# Theory - Best approach

Hi

I’m trying to start off, but can’t really get a good approach to what I want to achieve.
I already experimented with a simple setup off 3 anchors and 1 tag.

I want to track upto 80 tags within a square area of approx 150 x 150m. the plan is to have 8 anchors along the sides. An accuracy of approx. 20-30cm would be enough. There are barely any obstacles in the way.

So my questions are:
a) is this possible at all?
b) what is the best ranging technology to use (TWR, DS-TWR,TDOA)
c) should I consider more anchors?

150 x 150 m is a large area to cover from just the sides.
For good accuracy you need anchors on all sides which would require you to get >150m range. That’s possible but not easy.

Fortunately you don’t need good accuracy, if the tag can only see anchors on one side of it then there is some ambiguity in the solution but good positioning algorithms with appropriate constraints could solve that for you. You would still need >75 m range which the off the shelf modules can struggle with.

a) is it possible

Yes. From my experience I’d feel fairly confident in saying that I could build something that met your requirements. That’s not the same as saying it would be easy, I’m not sure how much of the off the shelf decawave hardware and software would be usable and how much you’d have to do custom.

b) The best ranging technology

That depends. Who needs to know where the tags are? the tags or the building?
Are their any issues that would prevent you running dedicated cables between anchors?

Generally a TDoA system would be my first option for what you want. It gives the simplest tags and easiest way of dealing with lots of tags. But the final system can depend on the final application and installation constraints.

c) More anchors?

Yes, Some anchors in near the middle of the area would make things a lot easier, they would improve your geometry and so improve accuracy while significantly reducing the range requirements.

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Hi

Regarding b)
Basically the building needs to know the location of the tags - the tags can be dumb electronics carrying an ID. There are no restrictions whether I use cables or any sort of WiFi at this point.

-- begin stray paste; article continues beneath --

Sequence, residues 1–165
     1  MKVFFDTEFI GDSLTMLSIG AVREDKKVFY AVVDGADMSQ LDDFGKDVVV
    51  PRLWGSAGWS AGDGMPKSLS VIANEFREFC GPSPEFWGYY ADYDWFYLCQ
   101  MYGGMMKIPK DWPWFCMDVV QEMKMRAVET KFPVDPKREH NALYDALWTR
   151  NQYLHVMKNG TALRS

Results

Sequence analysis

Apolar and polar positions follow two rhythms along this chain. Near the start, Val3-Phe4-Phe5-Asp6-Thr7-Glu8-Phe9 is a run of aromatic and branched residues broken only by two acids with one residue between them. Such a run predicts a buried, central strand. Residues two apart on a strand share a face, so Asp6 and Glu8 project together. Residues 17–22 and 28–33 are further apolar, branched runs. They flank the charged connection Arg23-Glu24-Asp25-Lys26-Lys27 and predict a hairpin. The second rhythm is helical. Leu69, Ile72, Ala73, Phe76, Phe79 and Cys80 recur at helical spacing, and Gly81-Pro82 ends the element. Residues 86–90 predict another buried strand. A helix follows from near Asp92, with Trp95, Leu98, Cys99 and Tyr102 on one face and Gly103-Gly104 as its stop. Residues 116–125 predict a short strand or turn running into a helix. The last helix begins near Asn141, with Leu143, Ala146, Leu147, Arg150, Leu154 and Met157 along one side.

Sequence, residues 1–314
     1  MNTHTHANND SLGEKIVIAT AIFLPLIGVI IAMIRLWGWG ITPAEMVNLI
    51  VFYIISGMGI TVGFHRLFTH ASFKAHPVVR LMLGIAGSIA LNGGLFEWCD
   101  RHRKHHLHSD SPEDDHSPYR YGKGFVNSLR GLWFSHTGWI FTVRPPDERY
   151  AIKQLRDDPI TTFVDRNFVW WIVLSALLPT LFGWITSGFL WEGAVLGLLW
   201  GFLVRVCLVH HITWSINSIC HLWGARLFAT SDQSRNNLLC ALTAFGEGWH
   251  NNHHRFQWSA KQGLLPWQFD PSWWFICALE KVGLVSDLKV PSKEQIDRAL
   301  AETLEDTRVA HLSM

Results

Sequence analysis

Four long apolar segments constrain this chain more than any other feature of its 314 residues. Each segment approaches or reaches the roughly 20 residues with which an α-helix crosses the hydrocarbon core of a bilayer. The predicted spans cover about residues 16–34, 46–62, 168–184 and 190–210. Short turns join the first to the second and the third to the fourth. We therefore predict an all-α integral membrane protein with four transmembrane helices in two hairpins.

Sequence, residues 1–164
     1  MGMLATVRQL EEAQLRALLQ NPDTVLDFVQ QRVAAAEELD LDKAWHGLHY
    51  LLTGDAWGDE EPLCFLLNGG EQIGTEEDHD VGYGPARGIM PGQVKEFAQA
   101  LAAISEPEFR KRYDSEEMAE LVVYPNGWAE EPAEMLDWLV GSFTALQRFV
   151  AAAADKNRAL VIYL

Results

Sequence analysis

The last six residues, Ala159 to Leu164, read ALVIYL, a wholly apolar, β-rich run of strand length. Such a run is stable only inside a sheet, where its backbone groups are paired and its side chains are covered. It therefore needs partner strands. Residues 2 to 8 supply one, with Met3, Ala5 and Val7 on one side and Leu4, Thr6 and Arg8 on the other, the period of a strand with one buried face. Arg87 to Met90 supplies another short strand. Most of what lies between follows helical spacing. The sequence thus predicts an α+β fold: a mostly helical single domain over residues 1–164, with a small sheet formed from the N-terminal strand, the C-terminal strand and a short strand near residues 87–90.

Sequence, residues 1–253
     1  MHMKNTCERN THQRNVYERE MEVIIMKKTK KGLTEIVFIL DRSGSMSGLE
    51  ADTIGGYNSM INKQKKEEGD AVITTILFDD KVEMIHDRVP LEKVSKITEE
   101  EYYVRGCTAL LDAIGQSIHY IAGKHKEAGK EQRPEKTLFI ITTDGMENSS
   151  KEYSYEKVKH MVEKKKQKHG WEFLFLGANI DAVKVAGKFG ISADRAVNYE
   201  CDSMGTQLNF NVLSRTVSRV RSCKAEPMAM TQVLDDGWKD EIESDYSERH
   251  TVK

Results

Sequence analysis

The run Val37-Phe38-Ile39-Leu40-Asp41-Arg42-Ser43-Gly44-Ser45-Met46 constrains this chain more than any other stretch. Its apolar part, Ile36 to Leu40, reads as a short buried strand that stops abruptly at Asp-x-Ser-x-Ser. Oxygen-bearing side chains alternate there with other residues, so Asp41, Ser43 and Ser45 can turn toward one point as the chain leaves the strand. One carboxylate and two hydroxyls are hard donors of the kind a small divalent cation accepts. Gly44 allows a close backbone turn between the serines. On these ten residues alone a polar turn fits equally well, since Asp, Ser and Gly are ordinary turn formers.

This brings me to another point: If I use WiFi do I need to take care of some shielding or something?

What minimum MCU frequency would you suggest for the anchors? Should I go for an ARM or might a PIC24 be enough computing power?

So this is an asset tracking warehouse type application?

In that situation TDoA is certainly the best option.

Use a wired clock between anchors to ensure they are all on the same clock rate and then either a wired sync line or a tag in a known location with a clear line of sight to provide synchronization.

No special care needs to be taken for WiFi, the normal best practice rules of putting a shield can over any RF transmit or receive circuit applies but beyond that there shouldn’t be any issues unless you do something stupid.

Sneaky trick you can use: For positioning the tags only need to transmit. But if two transmit at the same time you can’t track either. Which then means you need some way to allocate timing and avoid conflicts which requires a receiving radio and extra complexity.
Or you do it the lazy way: Each tag transmits blindly at roughly the same rate but you use something like a deliberately imprecise RC network or random time bias to ensure that they aren’t exactly the same period. Two may conflict on one transmission but by the next update you should get them both again.